Derrick, Palos Hills, IL
I think Rose gets enough time. You don’t want to wear him out playing him 40 minutes +. Defenses have been banging him and running him through screens. He’s young but it takes a toll. He has been remarkable and hasn’t really hit the rookie wall. He just needs to be (as emphasized by Paxson) in the games in crunch time because he can create his own shot. About Salmons over Deng, this could be a question for the rest of the season and maybe beyond. My guess in the long run is that Salmons could end up at the #2 alongside Rose with Gordon’s uncertainty as a free agent and if he does return perhaps it will be as a 6th man. Salmons can play the #2 and has the size. I’m not ready to reduce Deng to a backup player and I’m not sure if you put Salmons at #3 with Rose and Gordon you have enough size.
Do you think Vinny will sit Rose again after the game against Houston? I think our best chances of winning are when Rose is attacking. When he’s in attack mode it opens it up for everyone else. Your thoughts?
via text message
I agree he has to be on the floor, I’ve been writing this since it first happened at the Miami game before the All-Star break. If you weren’t so upset about the losses that occurred it’s actually an amusing spectator sport to watch. Vinny is quite stubborn and I believe the Bulls have addressed this issue for some time. One of the traits that made Vinny an NBA player for a decade was that stubbornness. I see that as a coach, if he wants to do something he finds justifications. He talks about Rose as a rookie but in my mind you can’t treat him as one because he’s more mature. It’s like Magic, Bird, Jordan and others. He can take him out in defense situations and that’s valid but the fact of the matter is the Bulls have played best down the stretch when Rose is in making plays. Nash was the worst player in the history of the league to be MVP but you don’t take him out down the stretch for defense. I think because of all the questions Vinny has become defensive and may want to prove he’s right. A good trait that can serve you in life but maybe not to help the Bulls.
Sam, with what VDN has done so far has a first time coach do you think that he deserves to coach the Bulls next year?
via text message
If you put it on paper I would say yes. It looks to me the Bulls will have more wins than last season, the team has competed harder than last year under Skiles and Boylan and that is usually how you measure a coach? Did they improve, did they play hard, did they quit? They have improved and haven’t quit. If they make the playoffs he would most certainly be back. Even if they don’t they will have had a better season. Derrick Rose looks to be the ROY, Tyrus and Noah are playing better so Vinnay can say he’s helped develop young players. The question would be much more subjective, does the organization feel he’s the right man to make the next step with the team? Doe they also feel that they are going to move into free agency and/or get other players. Is he the kind of coach for those players and to go to the next step? At this point I’d expect he’d be back.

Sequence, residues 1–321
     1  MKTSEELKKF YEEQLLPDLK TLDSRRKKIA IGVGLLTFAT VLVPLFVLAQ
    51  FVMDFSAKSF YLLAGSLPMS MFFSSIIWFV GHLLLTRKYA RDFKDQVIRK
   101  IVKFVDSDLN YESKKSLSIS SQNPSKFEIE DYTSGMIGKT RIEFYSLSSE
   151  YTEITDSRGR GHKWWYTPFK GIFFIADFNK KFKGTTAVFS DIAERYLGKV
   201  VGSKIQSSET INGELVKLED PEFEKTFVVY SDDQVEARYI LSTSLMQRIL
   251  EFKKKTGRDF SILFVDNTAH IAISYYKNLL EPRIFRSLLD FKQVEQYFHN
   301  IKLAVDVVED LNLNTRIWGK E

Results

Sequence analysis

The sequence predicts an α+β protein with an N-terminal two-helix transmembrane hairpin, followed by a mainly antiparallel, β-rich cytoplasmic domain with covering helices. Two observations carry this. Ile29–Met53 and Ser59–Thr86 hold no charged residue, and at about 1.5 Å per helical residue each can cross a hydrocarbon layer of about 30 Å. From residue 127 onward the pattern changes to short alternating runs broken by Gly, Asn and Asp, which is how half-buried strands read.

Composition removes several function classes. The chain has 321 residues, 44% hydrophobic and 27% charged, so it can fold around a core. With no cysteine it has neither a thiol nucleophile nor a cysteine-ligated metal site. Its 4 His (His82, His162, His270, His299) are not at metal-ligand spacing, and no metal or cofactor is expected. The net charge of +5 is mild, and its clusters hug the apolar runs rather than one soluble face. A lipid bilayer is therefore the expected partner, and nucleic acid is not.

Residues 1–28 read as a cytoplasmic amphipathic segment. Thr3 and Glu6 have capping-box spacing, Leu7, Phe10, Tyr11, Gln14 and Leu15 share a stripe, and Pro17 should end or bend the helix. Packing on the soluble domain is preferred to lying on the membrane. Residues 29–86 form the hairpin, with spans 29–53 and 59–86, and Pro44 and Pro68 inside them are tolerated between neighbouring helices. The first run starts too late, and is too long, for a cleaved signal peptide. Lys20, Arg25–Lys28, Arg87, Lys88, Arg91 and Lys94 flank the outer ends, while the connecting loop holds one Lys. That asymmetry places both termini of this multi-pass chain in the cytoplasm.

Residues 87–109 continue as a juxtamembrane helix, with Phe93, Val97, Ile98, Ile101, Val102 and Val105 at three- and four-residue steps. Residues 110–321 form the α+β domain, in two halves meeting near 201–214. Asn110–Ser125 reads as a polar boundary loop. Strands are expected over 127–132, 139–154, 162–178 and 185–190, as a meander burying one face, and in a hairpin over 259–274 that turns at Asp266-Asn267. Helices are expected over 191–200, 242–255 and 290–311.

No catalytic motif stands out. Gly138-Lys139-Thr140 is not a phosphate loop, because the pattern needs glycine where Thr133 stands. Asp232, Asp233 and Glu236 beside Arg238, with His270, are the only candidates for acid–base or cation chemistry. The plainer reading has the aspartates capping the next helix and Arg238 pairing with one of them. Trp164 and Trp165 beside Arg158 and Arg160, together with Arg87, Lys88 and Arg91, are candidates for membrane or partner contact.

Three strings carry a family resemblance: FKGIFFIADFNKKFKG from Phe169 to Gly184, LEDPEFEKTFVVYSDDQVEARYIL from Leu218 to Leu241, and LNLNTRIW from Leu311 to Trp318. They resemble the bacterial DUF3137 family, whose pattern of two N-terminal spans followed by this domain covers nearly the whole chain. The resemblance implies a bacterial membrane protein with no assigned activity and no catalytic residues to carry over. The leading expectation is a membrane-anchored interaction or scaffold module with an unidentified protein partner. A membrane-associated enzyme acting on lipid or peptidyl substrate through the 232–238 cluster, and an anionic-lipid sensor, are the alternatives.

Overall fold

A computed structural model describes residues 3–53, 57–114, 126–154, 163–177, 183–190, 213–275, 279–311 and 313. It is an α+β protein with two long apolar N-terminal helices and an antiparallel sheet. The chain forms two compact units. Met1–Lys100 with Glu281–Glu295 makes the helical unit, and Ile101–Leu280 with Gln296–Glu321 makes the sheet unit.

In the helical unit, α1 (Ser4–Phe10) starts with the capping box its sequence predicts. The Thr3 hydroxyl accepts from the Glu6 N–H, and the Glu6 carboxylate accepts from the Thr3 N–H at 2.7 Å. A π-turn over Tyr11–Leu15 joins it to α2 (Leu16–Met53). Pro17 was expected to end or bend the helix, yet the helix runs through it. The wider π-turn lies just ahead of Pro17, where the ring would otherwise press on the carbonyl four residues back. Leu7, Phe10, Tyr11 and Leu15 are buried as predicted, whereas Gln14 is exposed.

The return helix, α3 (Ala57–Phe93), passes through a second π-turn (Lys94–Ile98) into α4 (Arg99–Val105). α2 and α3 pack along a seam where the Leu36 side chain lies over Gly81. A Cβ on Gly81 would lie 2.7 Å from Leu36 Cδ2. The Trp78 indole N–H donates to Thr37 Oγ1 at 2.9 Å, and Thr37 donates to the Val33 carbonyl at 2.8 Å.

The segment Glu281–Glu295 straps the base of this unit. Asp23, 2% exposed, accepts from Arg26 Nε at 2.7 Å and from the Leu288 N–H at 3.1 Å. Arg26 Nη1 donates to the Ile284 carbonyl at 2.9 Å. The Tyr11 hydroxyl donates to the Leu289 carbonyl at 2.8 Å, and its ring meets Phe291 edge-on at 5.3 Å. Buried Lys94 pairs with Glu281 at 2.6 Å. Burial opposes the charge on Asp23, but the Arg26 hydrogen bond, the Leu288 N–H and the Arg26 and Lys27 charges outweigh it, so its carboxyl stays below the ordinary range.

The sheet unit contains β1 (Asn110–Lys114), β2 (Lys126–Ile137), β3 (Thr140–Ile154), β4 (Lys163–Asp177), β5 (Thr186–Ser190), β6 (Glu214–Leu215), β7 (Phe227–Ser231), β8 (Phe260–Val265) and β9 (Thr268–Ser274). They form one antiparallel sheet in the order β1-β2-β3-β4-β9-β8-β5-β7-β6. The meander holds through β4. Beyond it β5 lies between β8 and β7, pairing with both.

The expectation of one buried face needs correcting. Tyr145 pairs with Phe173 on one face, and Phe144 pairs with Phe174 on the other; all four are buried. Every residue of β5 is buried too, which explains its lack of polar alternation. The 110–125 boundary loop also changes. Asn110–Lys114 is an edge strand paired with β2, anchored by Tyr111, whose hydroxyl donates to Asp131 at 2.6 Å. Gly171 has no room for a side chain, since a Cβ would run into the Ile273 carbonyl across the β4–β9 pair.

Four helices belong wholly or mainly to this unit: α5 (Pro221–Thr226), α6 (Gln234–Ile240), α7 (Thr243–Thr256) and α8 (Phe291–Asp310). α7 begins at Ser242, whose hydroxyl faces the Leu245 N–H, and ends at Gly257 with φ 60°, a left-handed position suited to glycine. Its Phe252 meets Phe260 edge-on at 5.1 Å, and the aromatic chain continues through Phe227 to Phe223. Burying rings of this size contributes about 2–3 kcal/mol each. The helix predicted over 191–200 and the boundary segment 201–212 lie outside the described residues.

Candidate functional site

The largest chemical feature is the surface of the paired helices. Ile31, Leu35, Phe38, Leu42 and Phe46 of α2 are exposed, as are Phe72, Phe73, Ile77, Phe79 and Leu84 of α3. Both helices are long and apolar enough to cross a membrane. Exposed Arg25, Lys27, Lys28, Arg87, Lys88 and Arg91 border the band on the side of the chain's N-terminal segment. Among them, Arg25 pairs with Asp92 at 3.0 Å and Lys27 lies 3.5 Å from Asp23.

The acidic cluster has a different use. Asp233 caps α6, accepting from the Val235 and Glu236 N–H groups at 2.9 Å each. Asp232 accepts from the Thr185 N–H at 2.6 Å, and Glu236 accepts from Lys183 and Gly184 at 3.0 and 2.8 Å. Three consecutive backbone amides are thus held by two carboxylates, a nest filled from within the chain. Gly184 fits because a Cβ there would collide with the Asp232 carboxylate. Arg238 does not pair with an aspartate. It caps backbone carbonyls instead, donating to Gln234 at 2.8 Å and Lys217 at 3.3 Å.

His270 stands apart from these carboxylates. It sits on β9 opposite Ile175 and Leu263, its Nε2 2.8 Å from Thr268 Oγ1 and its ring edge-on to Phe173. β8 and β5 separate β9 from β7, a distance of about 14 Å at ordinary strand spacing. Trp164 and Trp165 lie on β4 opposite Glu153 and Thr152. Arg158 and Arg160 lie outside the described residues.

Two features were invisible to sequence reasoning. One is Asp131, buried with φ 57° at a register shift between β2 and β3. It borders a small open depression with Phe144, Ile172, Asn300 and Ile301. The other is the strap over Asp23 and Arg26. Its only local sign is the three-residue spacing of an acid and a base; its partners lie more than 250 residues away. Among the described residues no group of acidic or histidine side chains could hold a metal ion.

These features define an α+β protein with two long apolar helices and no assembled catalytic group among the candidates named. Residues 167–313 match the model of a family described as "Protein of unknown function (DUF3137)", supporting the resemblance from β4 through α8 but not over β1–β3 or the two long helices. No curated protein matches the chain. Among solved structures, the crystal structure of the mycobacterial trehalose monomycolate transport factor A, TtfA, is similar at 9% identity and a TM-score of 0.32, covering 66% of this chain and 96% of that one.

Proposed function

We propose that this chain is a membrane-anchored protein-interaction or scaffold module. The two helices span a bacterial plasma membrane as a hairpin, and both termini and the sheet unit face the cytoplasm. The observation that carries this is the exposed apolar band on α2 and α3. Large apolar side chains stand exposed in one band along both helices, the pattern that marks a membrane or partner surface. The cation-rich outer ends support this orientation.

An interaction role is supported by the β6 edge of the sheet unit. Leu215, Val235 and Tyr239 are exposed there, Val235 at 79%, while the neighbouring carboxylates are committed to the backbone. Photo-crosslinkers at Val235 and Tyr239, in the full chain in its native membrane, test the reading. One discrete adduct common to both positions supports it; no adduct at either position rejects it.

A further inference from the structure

If you had to do the 2008 NBA Draft over again, who would you take from 2-5, assuming Rose goes 1.
Tim, Oak Lawn
Certainly I would have Rose at #1. Brooke Lopez at #2, Russel Westbrook at #3, OJ Mayo #4, Kevin Love #5.
Who is the defenseive stopper on the big guards now that Thabo is gone? Salmons does not do it to well.
Robert, Bloomingdale
You’re right, Salmons is not great but he’s pretty good. Thabo wasn’t really a stopper on the big guards, becuase it’s hard to stop them when you’re sitting on the bench. Vinny almost never played him. Truth is Vinny is an offensive coach, this could be one of the issues that surfaces about his return. The Bulls are an offensive teams. They are better on D since the trade. The job Brad Miller did on Yao Saturday was the best we’ve seen since Skiles best of times. Salmons is a high level perimeter player. Truth is there are no more stoppers on the perimeter because of the rules changes. Thabo had some great defensive moments but given circumstances and PT he wasn’t as effective this season. I thought the Houston 4th quarter was somewhat an abbiration but a nice one to see. If the Bulls can defend like that on any regular basis they certainly will make the basis but we haven’t seen it sustained yet this season.
So far this season who do you think should be the MVP this year?
Nikhil, Chicago
LeBron James. He’s had a great season. The Cavs will have the best record in the East and that’s not a great roster. That game against Miami the other night when he had a shootout with Wade it was one of the better games to see this year. Kobe has laid in the weeds a bit to save himself for the playoffs. Wade has been every bit the MVP but guys playing for last place teams. In the NBA it comes from one of the top teams so it should be a near unanimous vote for LeBron.
Don’t you think the Bulls should be starting John Salmons instead of Ben Gordon? Gordon isn’t guaranteed to be back next year. Salmons is.
(via text message)
That question has come up with Vinny this week in the wake of the bad loss in Washington. Vinny’s preference all season has been to go with “his guys.” I think Vinny operates from a player’s perspective as a coach, and by that I mean wants his players to be treated like he felt he wanted to be treated as a player, which means not being yanked around… sticking with guys. So I think he feels that if he starts yanking starters he could start ‘losing’ players. I don’t think that would happen with Gordon, he’d be upset but wouldn’t quit on the team, he’s not that kind of guy. Because Salmons will be back and will be a big part of the future I’m sure he’s fine with whatever role he’ll get till the end of the season, he’s getting minutes and finishing games. Obviously there will be changes with the Bulls this summer so there will be plenty of time to perfect a line up after that. And the truth is when the Bulls needed to come back vs. Houston it started with Ben Gordon. They still need his scoring and he remains a valuable piece.